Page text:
A.J. Howard is a defensive back from Appalachian State. His head coach was also once a defensive back from Appalachian State.
Perhaps, it is suggested, that gives Howard – an undrafted rookie safety – some small benefit. He smiles at the idea.
“I don’t have any advantage, no,” Howard said. “But just being in drills, you hear, ‘C’mon App State!’ things like that. It makes you want to go harder and put on for your school, just like coach Wilks is doing from the coaching part of it.”
Certainly, Wilks is aware. “A.J. of course, being an Appalachian State grad, it’s very important to me,” Wilks joked. But there are reasons Howard, over the course of OTAs and minicamp, earned his way up the depth chart with reps with both the first and second units in certain packages. None have to do with his college.
The funny thing is, Howard’s connection with the Cardinals – and Wilks – could’ve actually been stronger.
Howard’s defensive backs coach in college was Scot Sloan, who recently took the defensive coordinator job at Georgia Southern. Before that, Sloan’s years at Appalachian State were marked in part with a relationship with Wilks himself.
When Wilks was an assistant with the Carolina Panthers, he invited the App State staff – including Sloan – to watch OTAs or practice if they wanted.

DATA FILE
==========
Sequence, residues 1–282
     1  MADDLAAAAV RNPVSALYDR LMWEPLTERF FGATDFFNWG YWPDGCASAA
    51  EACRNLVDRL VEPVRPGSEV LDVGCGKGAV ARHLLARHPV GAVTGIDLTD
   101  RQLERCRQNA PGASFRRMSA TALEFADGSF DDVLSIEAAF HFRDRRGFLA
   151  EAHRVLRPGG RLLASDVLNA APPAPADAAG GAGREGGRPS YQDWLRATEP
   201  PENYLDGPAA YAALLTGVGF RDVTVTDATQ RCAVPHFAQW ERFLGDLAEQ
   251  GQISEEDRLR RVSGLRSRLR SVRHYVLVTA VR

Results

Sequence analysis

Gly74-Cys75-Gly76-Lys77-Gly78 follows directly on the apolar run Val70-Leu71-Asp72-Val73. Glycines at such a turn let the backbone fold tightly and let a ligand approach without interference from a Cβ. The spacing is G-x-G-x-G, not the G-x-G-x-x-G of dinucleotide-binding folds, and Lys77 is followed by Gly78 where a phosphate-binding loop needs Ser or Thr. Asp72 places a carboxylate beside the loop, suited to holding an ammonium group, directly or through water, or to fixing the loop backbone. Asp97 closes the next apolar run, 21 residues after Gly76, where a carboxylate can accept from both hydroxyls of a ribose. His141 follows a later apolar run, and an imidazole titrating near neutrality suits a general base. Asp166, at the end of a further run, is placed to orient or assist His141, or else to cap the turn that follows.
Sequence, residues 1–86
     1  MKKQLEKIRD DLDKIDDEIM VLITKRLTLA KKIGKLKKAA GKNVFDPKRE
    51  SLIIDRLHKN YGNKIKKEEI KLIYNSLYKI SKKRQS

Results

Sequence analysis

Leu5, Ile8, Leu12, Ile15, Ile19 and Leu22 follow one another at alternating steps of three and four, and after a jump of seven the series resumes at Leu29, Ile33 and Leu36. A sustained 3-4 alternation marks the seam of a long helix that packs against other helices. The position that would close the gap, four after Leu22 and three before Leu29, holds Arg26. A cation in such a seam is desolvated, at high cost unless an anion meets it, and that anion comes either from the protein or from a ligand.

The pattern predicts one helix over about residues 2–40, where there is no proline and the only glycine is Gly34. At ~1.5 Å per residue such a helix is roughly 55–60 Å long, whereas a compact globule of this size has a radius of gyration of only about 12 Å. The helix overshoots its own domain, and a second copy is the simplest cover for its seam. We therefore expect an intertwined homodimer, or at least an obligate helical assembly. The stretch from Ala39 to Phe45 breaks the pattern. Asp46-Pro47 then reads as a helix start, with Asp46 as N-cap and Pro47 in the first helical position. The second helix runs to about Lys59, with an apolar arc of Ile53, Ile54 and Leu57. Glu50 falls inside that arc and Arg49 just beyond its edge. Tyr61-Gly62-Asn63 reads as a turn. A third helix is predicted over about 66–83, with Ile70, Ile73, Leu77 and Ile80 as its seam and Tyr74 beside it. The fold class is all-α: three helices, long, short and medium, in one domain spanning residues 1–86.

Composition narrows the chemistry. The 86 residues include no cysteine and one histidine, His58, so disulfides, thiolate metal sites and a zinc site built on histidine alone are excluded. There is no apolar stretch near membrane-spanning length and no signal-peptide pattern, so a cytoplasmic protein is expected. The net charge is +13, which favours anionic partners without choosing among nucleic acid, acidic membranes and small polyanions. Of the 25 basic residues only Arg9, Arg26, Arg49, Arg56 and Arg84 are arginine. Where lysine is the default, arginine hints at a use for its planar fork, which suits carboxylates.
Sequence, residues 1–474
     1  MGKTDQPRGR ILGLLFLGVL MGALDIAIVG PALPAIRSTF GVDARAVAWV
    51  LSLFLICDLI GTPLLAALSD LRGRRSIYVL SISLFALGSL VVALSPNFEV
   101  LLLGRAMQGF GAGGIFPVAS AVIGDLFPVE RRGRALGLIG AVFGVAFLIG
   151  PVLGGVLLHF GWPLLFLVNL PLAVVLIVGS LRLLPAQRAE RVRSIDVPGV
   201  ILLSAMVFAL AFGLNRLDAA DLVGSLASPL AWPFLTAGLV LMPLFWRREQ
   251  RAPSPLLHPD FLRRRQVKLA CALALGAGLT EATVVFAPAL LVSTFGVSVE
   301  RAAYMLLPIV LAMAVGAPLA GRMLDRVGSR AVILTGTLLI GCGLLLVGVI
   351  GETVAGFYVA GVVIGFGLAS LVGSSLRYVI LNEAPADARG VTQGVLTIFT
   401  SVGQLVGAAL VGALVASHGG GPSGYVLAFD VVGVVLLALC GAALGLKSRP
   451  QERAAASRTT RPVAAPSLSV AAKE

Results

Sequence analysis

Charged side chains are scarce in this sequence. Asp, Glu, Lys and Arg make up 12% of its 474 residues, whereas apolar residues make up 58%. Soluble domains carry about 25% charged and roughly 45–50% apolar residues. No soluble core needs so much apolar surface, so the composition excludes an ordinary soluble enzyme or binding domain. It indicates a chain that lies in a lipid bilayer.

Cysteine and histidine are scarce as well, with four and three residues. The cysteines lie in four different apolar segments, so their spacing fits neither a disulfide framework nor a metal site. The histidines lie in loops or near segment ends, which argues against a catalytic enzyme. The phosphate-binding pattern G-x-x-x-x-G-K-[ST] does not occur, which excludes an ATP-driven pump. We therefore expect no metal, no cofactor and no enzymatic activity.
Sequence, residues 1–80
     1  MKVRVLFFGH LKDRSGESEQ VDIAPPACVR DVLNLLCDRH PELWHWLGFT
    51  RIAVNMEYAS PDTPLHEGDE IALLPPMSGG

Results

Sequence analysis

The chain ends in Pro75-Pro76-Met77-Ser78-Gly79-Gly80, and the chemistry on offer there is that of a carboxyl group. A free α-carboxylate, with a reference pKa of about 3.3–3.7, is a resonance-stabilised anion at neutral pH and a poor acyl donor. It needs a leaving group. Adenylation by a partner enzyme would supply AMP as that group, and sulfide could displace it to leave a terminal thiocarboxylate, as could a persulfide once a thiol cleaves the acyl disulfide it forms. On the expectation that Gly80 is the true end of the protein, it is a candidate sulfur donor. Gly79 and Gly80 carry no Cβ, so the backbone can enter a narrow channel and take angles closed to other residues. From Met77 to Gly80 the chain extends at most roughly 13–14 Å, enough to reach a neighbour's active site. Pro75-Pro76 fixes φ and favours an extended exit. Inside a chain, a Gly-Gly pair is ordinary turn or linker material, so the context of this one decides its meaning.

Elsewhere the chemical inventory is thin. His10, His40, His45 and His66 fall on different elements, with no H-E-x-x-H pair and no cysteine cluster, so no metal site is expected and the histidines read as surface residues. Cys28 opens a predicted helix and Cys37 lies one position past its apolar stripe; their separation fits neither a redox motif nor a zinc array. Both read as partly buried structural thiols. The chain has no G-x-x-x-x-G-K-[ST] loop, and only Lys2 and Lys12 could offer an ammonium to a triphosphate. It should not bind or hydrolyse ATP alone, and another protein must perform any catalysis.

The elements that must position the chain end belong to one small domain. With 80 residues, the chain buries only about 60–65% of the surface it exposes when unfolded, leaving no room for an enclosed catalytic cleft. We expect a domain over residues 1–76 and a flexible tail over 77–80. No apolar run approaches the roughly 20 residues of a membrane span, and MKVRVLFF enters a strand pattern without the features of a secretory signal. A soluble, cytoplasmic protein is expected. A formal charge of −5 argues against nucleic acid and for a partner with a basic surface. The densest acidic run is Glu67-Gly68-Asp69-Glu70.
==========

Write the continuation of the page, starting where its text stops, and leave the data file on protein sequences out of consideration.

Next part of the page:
“He basically opened the door for us,” Sloan said.
Sloan got so much out of it he stayed in touch with Wilks – “Steve is highly respected back at App,” Sloan said – and took frequent trips to visit the Panthers and learn what he could from the staff, including Wilks and current Cardinals defensive coordinator Al Holcomb.
When it came to Howard, however, Sloan never talked to the Cardinals pre-draft.
“When they signed him, I shot Steve a text and told him, ‘Hell of a decision,’ ” Sloan said.
Sloan is effusive in his praise of Howard, painting a picture of a player with a high football IQ who loves video study, who embraces special teams play and whose work habits “are off the charts.”
There is also a possibility the Wilks-Sloan-App State connection has helped Howard in the NFL. Sloan and Howard recently spoke, and Howard told him there was some carryover from the concepts in college to the NFL, thanks to Sloan and the Appalachian State coaches learning what they had from Wilks when Wilks was with the Panthers.
Wilks praised Howard’s intelligence and his ability to communicate. The next step, Wilks said, is to see Howard in pads and his ability to tackle on the NFL level. But Howard has shown his early worth, with or without his Appalachian State connections.
“When you’re a rookie, you find ways to be encouraged. It’s inevitable,” Howard said. “But it’s definitely encouraging to get some reps with the ‘ones’, especially an undrafted guy. It’s fun to get out there and be with the guys and learn.”
And sometimes hear some encouragement from his fellow Mountaineer.